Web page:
Undocumented workers have the same rights as any other employee
If you’re an undocumented immigrant residing in North Carolina or South Carolina and your employer tells you that you are not eligible for workers’ compensation benefits, you should know this: Most undocumented workers ARE eligible for workers’ compensation in both states.
According to the Migration Policy Institute, there are more than 300,000 undocumented workers in North Carolina and more than 90,000 in South Carolina. Nationwide, more than 5% of the total workforce is comprised of undocumented workers. Many are employed in dangerous jobs like construction, warehousing, meatpacking and farm work.
Both North Carolina and South Carolina have workers’ compensation laws that cover most workers hurt on the job, including undocumented workers.
Statutory inclusion of undocumented workers
There’s no question that undocumented workers are covered by North Carolina and South Carolina worker’s compensation laws.
Both states have laws that define a covered employee as any employed person “whether lawfully or unlawfully employed.”
Unethical employers might lie about these laws so you won’t file for benefits, so you shouldn’t always take them at their word but instead consult a work injury attorney. Although hiring undocumented workers is unlawful, these same employers are often eager to hire undocumented workers to take advantage of their status.
Can you be deported for filing a workers’ comp claim?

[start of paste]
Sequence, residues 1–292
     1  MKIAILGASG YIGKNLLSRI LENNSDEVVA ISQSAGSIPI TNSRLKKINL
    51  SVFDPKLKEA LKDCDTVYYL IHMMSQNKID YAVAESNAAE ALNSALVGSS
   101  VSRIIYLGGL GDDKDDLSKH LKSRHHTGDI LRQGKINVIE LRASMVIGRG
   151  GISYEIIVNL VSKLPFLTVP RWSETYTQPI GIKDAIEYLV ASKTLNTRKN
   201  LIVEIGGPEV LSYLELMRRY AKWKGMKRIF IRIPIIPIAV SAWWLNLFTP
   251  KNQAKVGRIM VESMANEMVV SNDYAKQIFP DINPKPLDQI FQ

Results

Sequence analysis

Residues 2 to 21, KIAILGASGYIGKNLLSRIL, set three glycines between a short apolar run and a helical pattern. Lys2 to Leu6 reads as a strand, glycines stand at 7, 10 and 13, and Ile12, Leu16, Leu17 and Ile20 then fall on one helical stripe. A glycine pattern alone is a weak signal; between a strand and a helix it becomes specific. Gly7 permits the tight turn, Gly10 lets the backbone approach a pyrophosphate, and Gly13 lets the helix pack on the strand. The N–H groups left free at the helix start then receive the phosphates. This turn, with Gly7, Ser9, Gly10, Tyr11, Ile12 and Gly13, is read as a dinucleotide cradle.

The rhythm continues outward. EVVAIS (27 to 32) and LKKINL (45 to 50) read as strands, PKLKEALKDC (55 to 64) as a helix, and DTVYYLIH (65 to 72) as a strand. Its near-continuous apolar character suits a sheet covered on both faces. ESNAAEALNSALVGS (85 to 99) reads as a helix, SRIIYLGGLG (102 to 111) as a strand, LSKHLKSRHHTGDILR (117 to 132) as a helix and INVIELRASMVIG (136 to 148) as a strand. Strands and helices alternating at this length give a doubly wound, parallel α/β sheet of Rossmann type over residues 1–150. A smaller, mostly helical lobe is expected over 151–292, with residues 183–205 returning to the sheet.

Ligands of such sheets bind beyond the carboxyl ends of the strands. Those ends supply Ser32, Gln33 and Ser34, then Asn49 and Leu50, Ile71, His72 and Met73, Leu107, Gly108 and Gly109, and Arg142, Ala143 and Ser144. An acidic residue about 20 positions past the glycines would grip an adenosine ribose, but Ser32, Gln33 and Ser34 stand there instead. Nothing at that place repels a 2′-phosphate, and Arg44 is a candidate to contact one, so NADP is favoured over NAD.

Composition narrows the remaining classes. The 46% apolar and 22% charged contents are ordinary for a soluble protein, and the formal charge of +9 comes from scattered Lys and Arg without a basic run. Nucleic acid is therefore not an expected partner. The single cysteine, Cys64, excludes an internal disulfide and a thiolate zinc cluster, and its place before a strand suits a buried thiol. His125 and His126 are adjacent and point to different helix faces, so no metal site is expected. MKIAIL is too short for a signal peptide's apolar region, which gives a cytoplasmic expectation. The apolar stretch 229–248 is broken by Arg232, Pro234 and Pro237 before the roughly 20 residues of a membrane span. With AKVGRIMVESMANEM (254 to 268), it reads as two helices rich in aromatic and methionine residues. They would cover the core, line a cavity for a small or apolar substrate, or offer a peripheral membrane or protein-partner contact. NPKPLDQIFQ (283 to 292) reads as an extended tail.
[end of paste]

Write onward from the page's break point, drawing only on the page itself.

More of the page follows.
Understandably, if you are undocumented, you might worry about your employer retaliating and reporting you to immigration authorities. It should be noted that the employer who hires an undocumented worker is potentially liable for criminal and civil penalties. This makes employer retaliation (like getting fired after a job injury) less likely.
That is more reason for you to consult an experienced workers’ compensation attorney experienced with immigration issues. Even if you ultimately decide not to pursue a workers’ compensation claim, at least you will be making a well-informed decision.
Workers’ compensation protection extends to most workers—undocumented or not
Let’s be clear:
An undocumented worker has the same workers’ compensation rights as any other employee.
North Carolina and South Carolina require most employers to carry workers’ compensation coverage. North Carolina requires it for employers with 3 or more employees. South Carolina requires coverage for employers with 4 or more employees.
In both states, workers’ compensation is a program of no-fault insurance. That means that if you’re injured on the job, you don’t have to prove your employer was at fault. Usually, your employer will purchase workers’ compensation. However, your employer can self-insure if they satisfy certain stringent requirements.
North Carolina imposes penalties on employers who fail to provide the required workers’ compensation benefits.
The North Carolina Industrial Commission imposes a fine of $1 per employee per day on non-complying employers, but not less than $50 per day or more than $100 per day. So a non-complying employer faces a civil fine between $18,250 and $36,500 per year if they don’t carry workers’ compensation insurance for their employees, even if there are no workplace injuries.